An equivalent contract to Mayo's in a 2016 salary cap environment averages approximately $12.5 million per year with close to $35 million in guarantees. A deal should be able to be struck between the two data points considering Collins turned down $11 million per year, according to the Boston Globe's Ben Volin. A lucrative new contract for Collins in Cleveland will be particularly relevant to Hightower's camp.
Key metrics: Leads team in receptions (41), receiving Yards (532)
Financial benchmark: Allen Hurns ($10,012,500 avg/$18M in guarantees)
The onetime Ohio State quarterback is just scratching the surface of his talent while transitioning to wide receiver. Louis Riddick, former director of pro personnel for the Philadelphia Eagles and Washington Redskins and now an ESPN analyst, recently referred to Pryor as a young Brandon Marshall with more speed.
Pryor has emerged as Cleveland's best receiving option because of rookie (and No. 15 overall pick) Corey Coleman's broken hand and after Josh Gordon finally wore out his welcome. The 6-foot-4, 223-pound speedster is on pace to surpass 1,000 receiving yards on more than 80 catches. Although Pryor is Cleveland's most productive wide receiver, he may not yet be viewed as No. 1 WR material around the NFL.
The Browns reportedly started preliminary contract extension talks last month with Drew Rosenhaus, Pryor's agent. The deal Rosenhaus negotiated for Hurns, which helps set the market for No. 2 WRs, is bound to come up in these discussions.
Key metrics: Second on team in receptions (31), receiving yards (402)
Financial benchmark: Zach Ertz ($8.5M avg/$21M in guarantees)
Bennett helped keep the Pats afloat as a key passing-game cog while Tom Brady served his four-game Deflategage suspension and Rob Gronkowski was recovering from a hamstring injury. His production has slipped with a healthy Gronkowski. Bennett, acquired from the Chicago Bears along with a 2016 sixth-round pick for a 2016 fourth-rounder, could have a short stay in New England since money likely will be his top priority and Gronkowski has expressed displeasure with his own deal. New England isn't opposed to having two high-priced tight ends, as was the case in 2012 when Gronkowski and Aaron Hernandez were the league's two highest-paid at the position in average salary.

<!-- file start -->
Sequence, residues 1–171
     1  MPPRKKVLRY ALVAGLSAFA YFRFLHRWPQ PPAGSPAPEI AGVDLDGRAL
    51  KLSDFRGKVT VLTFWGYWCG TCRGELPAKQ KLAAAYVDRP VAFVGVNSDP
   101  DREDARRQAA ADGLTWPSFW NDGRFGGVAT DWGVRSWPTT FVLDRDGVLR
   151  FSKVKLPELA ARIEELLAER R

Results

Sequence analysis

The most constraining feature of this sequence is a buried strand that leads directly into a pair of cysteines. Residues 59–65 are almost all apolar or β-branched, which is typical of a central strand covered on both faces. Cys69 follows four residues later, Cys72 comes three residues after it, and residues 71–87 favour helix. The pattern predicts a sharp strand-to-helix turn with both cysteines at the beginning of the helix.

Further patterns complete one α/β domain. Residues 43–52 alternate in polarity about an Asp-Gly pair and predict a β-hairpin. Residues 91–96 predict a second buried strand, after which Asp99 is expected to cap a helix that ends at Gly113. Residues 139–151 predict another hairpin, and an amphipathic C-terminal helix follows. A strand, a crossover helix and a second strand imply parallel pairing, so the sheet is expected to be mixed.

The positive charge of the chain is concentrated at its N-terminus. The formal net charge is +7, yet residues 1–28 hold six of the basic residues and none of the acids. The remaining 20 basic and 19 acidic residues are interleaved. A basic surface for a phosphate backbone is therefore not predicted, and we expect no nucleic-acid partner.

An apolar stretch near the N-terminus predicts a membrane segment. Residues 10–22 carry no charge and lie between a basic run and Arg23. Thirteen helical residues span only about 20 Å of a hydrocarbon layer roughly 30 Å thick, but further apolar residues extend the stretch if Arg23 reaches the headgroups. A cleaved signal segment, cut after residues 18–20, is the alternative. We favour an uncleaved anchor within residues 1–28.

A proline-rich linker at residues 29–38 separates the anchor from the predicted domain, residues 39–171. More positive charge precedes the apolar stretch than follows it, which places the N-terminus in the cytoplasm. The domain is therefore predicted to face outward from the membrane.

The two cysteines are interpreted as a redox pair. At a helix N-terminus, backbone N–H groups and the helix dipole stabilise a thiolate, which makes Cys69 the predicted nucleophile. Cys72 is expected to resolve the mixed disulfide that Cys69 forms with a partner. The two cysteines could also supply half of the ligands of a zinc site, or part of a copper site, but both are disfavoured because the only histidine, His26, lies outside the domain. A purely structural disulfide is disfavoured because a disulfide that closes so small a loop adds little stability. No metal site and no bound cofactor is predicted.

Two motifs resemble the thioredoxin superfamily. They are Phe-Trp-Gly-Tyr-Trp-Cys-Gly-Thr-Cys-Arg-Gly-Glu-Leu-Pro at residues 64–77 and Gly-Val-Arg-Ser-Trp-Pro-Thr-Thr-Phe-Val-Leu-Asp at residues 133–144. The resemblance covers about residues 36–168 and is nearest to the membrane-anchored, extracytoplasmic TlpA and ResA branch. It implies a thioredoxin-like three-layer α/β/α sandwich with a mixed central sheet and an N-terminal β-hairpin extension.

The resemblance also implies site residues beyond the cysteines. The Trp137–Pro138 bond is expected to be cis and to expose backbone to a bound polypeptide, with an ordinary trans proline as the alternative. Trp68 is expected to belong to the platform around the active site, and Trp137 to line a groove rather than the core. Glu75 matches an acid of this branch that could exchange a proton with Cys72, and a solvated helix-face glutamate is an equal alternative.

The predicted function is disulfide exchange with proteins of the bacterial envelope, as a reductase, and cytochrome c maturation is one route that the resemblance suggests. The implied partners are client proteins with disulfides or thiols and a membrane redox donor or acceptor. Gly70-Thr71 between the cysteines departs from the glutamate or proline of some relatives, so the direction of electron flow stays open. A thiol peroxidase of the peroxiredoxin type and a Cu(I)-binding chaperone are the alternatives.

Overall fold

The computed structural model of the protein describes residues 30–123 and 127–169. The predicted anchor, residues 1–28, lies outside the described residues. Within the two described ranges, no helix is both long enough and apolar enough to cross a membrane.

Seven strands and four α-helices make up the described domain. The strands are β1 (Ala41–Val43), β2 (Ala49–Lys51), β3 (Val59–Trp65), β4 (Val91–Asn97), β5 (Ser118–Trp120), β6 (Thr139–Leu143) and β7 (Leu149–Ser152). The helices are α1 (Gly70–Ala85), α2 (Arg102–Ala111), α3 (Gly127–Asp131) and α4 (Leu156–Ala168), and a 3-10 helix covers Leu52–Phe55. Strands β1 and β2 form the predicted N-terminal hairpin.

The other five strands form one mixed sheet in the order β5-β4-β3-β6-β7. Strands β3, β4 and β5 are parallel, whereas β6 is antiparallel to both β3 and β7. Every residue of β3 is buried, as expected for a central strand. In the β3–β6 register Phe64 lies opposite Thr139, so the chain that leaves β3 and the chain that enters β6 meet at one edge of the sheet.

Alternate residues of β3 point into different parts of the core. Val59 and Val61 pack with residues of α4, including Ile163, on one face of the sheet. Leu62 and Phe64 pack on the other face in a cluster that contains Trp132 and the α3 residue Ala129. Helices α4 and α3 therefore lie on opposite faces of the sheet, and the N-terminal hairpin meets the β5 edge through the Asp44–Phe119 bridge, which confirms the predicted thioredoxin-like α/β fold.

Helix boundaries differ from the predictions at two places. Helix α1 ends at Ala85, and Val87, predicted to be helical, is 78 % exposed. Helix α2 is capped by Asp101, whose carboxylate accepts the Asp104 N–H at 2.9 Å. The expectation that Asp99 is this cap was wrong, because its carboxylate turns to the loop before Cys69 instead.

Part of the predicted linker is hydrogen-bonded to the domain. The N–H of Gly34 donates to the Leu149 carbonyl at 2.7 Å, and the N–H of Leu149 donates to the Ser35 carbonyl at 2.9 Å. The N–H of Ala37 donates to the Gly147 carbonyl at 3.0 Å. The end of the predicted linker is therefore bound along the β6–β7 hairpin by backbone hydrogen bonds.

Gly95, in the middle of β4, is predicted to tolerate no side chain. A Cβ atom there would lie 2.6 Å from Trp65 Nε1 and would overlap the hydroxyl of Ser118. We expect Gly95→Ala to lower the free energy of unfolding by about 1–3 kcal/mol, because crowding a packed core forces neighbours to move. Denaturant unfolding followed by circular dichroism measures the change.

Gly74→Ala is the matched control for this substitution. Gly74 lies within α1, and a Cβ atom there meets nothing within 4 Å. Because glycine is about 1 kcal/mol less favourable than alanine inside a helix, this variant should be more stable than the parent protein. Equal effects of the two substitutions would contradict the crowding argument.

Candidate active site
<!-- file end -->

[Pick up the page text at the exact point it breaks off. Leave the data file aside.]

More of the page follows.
Key metric: 87 tackles
Financial benchmark: Danny Trevathan ($7M avg/$15.5M in guarantees)
He wasn't expected to make much impact when he signed to a one-year, $1.25 million deal, but the former Tennessee Titan is taking advantage of the rookie second-rounder Reggie Ragland's ACL tear. Brown has been a play-making machine. His 87 tackles lead the NFL, and his three sacks are tops among inside linebackers. Brown's performance creates an interesting dilemma for the Bills given high expectations for Ragland.
Key metric: Leads team in receiving yards (535)
Financial benchmark: Tavon Austin ($10,555,501 avg/$28.5M in guarantees)
Britt is having a career year -- he's on pace to become the Rams' first 1,000 WR since Torry Holt in '07 -- despite catching passes from inconsistent Case Keenum. Giving 2013 first-rounder Tavon Austin an extension in August could complicate re-signing Britt for the Rams. He would be justified in insisting the club make him its highest-paid wideout because he is outperforming Austin.
It's hard to envision the Rams having two $10 million-per-year wideouts when running back Todd Gurley is the focal point on offense. Britt should fare much better in the open market than he did in 2015 when he signed a two-year, $9.15 million deal (worth a maximum of $13.95 million through incentives and salary escalators) to stay with the Rams.
Key metric: Top-ranked CB by Pro Football Focus
Financial benchmark: David Amerson ($8.25M avg/$17M in guarantees)
He has quietly developed into one of the league's better corners. Opposing quarterbacks are completing 54.3 percent of passes when targeting him for a 66.0 passer rating, according to Pro Football Focus. Retaining Bouye could put 32-year-old Johnathan Joseph's roster spot in jeopardy next season because of the Houston's depth at the position.
Key metric: 5.5 sacks
Financial benchmark: Bruce Irvin ($9.25M avg/$19M in guarantees)
His emergence allowed the Packers to limit 36-year-old Julius Peppers to a spot duty to keep him fresher later in the season. When Green Bay wants to retain a player, he typically doesn't make it out of town. The three-year deal Peppers signed in 2014 (averaging $8,666,667) should serve as Perry's salary floor to stay. The extension Clay Matthews signed in 2013 at $13.2 million per year, which made him the league's highest-paid linebacker at the time, is probably Perry's ceiling with Green Bay.